OK, here’s what NOT to do when making your follow-up calls to sales leads.
I received an email from my mortgage provider, a very, VERY large conglomerate who shall remain nameless, inviting me to look at the current refinance rates. The email had a nice little calculator that showed that based on my balance, I could save several hundred dollars a month on my mortgage payment, and shorten the term of my loan by a year or two. Cool. I filled out a “contact-me” form to set up a time to speak with a loan officer.
Afterwards, I received an email from “Dave” within 10 minutes. Impressive response time.
“Send me your account number.”
I thought, they already have my account number, this guy’s not doing his own work. I ignored the email for now, as I was neck deep in other projects and made a note to get back to him later.
The next day I received a second email:
“What is your phone number?”
There was an impersonal and terse tone to this brief message. Besides that, I had already provided my phone number, but stated on the contact form that I preferred email as the primary method. Again, this guy is now showing his laziness. I took the bait anyway, and gave him my cell number. Big mistake. My phone rang within 3 minutes:
5:02: It hit my caller ID on my phone as “Unknown”. I ignored it and expected a voicemail message so I could call him after I freed up. No message was left.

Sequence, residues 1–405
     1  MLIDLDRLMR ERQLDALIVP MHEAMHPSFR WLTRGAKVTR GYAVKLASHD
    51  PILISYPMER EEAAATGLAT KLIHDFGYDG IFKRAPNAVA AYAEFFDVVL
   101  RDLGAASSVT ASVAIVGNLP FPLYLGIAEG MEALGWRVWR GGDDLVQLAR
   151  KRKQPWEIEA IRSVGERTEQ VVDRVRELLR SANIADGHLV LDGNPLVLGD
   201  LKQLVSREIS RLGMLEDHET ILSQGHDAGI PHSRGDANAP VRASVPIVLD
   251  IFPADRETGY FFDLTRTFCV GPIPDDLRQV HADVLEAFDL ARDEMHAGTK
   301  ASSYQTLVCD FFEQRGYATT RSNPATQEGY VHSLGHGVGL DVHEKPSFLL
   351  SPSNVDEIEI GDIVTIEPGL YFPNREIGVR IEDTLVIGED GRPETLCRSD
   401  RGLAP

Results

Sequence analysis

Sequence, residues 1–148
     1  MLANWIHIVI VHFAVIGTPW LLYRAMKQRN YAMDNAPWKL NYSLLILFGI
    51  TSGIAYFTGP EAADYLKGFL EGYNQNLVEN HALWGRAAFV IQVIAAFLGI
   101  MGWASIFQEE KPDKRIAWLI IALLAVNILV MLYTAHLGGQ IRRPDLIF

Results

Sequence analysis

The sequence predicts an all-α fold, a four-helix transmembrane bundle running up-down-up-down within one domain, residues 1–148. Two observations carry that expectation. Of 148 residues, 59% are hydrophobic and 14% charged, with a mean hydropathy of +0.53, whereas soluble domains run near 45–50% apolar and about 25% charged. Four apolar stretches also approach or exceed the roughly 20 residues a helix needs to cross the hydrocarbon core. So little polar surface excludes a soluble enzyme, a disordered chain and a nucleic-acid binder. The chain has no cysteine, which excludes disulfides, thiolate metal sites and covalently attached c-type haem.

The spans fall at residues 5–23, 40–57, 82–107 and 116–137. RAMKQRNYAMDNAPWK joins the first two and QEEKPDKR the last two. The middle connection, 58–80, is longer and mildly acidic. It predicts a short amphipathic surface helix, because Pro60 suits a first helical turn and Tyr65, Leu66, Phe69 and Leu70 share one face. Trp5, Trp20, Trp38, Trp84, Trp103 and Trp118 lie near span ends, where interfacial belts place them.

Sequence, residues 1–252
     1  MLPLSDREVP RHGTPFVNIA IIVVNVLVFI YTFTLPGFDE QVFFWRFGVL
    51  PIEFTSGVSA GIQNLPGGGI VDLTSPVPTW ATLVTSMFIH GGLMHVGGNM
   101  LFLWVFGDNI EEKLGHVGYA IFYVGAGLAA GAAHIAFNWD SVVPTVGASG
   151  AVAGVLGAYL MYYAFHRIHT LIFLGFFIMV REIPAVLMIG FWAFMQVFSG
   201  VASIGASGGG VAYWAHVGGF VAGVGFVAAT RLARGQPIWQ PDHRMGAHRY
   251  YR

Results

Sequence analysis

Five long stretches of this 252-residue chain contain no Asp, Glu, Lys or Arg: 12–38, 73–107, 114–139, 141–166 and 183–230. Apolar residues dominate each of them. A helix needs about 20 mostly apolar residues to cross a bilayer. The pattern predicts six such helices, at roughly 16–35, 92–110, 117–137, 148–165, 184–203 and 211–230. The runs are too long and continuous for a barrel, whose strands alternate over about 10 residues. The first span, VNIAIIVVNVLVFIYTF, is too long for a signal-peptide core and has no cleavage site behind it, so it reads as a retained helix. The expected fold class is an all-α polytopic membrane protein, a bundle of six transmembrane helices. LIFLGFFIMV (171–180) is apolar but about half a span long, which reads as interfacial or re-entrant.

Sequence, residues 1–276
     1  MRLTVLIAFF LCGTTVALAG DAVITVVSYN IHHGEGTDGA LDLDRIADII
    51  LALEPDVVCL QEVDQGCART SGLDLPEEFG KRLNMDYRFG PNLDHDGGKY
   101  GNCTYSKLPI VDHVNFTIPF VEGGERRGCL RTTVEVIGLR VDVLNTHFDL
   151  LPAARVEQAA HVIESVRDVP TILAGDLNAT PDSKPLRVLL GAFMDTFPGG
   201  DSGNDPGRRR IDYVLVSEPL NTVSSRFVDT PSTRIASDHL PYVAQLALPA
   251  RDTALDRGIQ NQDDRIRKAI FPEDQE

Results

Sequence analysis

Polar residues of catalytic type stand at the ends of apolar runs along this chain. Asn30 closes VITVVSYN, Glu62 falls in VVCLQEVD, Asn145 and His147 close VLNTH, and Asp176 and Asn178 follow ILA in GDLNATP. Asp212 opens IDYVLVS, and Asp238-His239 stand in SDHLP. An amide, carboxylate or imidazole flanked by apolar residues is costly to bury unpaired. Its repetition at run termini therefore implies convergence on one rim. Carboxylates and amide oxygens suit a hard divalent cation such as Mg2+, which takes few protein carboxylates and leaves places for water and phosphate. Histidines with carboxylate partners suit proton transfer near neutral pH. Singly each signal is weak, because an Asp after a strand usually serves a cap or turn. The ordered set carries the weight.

45 minutes later, the guy was “psycho dialing” me:
5:47: This is a respectable time to wait between dials. Good job Dave.
5:49: Hmm. Ok, let this one slide. Maybe he “butt-dialed” me.
6:11: Really irritating
6:11: This call is coming within 15 seconds of the prior call. I excused myself from the meeting I was in and picked up the phone.
“Dude… I’m in a meeting and cannot take your call. Stop psycho dialing me!”
Not a word from “Dave”, no apology, he just hung up the phone. No email to follow up. Never a voicemail left in any of his dials.
As Bugs Bunny used to say, “what a maroon.”
His email address had identified him as being in an offshore call center, so this is probably why his Caller ID was blocked and why he was dialing me relentlessly. Perhaps he cannot take incoming calls. Hey “Dave”, how about leaving me a message like:
“Hi Patrick, I’ve tried to reach you but it sounds like you’re busy. Can we set up a time to talk? I’ll follow up with an email as well. Thanks Patrick.”
Whoever this idiot was, he’s not going to last long in his current position. Good luck buddy.
So the moral of this story is, persistence is a good thing, but use it wisely. Everyone has competition, and an experience like this just gives someone a reason to look around. I would much rather work with my own mortgage company to refinance, but now I have to reconsider that choice.
By Patrick Fern
(Article retrieved 28 Nov 2011 from http://www.eyesonsales.com/content/article/persistence_vs._being_a_pain_in_the_ass/)